Cats are curious, independent creatures, and one of the first thing a cat lover’s got to accept is that it will do things us mere humans can never hope to understand! Like why, of all the chairs in the house, they will want to sit on our favorite one. Or, given that the chair is free, they would rather lie down on our computer keyboard. But here are a few simple explanations for the most common cat behaviors. [Read more…]
They say if you want an affectionate pet who’ll curl up at your feet and basically adore you, get a dog. Cats have a reputation for being independent, and sometimes snobby. But there are some affectionate cat breeds that are friendly (though they may be slow to approach strangers). In fact, my ragdoll likes to hop on my lap while I’m writing articles, or nudge me with her nose when she wants to be petted. If you’re looking for that kind of cat, consider these breeds. [Read more…]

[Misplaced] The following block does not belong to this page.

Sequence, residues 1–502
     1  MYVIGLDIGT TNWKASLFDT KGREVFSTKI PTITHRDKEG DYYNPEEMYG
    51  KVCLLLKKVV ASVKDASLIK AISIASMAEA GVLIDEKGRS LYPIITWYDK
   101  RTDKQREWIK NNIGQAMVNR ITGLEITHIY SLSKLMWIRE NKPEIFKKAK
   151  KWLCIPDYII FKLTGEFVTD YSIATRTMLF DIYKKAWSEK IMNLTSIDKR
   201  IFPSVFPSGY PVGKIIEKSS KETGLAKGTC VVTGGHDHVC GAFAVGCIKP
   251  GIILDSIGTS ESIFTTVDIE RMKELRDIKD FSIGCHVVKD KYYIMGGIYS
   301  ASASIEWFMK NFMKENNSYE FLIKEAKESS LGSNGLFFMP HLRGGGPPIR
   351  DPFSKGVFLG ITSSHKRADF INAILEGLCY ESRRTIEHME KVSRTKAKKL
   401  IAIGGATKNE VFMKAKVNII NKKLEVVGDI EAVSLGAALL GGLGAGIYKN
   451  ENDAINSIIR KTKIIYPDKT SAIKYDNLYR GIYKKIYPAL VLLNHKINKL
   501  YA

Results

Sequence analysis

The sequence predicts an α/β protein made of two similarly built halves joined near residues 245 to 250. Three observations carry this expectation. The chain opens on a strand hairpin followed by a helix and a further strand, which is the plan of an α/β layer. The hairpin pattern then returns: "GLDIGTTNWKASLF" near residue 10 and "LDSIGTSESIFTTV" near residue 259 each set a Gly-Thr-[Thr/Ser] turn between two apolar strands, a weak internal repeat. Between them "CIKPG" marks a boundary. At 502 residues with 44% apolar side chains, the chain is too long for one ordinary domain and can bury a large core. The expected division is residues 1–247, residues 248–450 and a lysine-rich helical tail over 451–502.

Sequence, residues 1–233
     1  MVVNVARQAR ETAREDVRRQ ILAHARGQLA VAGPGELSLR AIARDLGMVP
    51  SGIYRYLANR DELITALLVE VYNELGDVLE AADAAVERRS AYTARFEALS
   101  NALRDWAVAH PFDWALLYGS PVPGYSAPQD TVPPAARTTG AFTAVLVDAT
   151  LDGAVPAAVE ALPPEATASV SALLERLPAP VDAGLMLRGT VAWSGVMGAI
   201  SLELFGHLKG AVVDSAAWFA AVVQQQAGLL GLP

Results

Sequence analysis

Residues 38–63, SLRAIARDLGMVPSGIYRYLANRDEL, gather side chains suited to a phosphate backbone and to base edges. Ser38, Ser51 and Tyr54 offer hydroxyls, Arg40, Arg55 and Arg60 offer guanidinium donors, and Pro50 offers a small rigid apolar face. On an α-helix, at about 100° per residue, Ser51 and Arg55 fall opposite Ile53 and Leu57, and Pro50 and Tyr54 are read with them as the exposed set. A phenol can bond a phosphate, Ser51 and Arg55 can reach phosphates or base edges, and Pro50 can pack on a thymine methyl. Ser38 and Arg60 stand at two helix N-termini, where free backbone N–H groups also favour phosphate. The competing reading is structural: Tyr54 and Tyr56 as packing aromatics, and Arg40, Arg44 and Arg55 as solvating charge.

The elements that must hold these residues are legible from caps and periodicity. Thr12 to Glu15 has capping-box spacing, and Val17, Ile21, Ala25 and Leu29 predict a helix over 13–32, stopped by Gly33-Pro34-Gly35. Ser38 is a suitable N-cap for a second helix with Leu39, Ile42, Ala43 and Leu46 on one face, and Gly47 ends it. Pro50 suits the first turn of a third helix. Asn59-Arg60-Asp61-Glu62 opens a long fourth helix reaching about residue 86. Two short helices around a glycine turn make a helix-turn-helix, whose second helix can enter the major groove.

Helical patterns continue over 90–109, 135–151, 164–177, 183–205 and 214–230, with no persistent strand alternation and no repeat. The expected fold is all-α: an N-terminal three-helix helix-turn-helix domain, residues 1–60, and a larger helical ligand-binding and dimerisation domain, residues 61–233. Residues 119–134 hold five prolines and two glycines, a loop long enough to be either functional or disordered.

Not all cats hate water. And not all cats chase mice. And there are many, many examples of cats and dogs becoming best friends. Here are some other little-known facts about cats. Even if you have a pet cat (or more accurately, is a cat’s pet human) you’ll be surprised exactly how little you know about these amazing creatures. [Read more…]
It is common for kittens to have aggressive play behavior as it ‘wrestles’ with its siblings and mother. Pouncing, chasing, stalking, and biting are part of its natural way of playing. It’s the cat version of family bonding, and does not indicate that the kitten has a ‘mean’ temperament.
However, by playing with its siblings, it will learn to inhibit over aggressive behavior as its siblings growl or retaliate whenever he bites too hard or does something ‘socially unacceptable.’ The cats have their own signals to tell another that the bite is purely for fun. [Read more…]
Kittens, like our own human babies, do what’s instinctive. They eat when they’re hungry, sleep when they’re tired, they breathe and purr, and they also scratch. This instinct was used in the wild to mark territory and assert power, especially when threatened. And it also served the practical purpose of strengthening her paw muscles and removing the nail sheaths or the outer layer of their claw.
Your kitten doesn’t know that this instinct to scratch can’t be done on our mahogany stair post or our $5000 antique table. Here are tips on how to redirect your kitten’s scratching to a more acceptable outlet. [Read more…]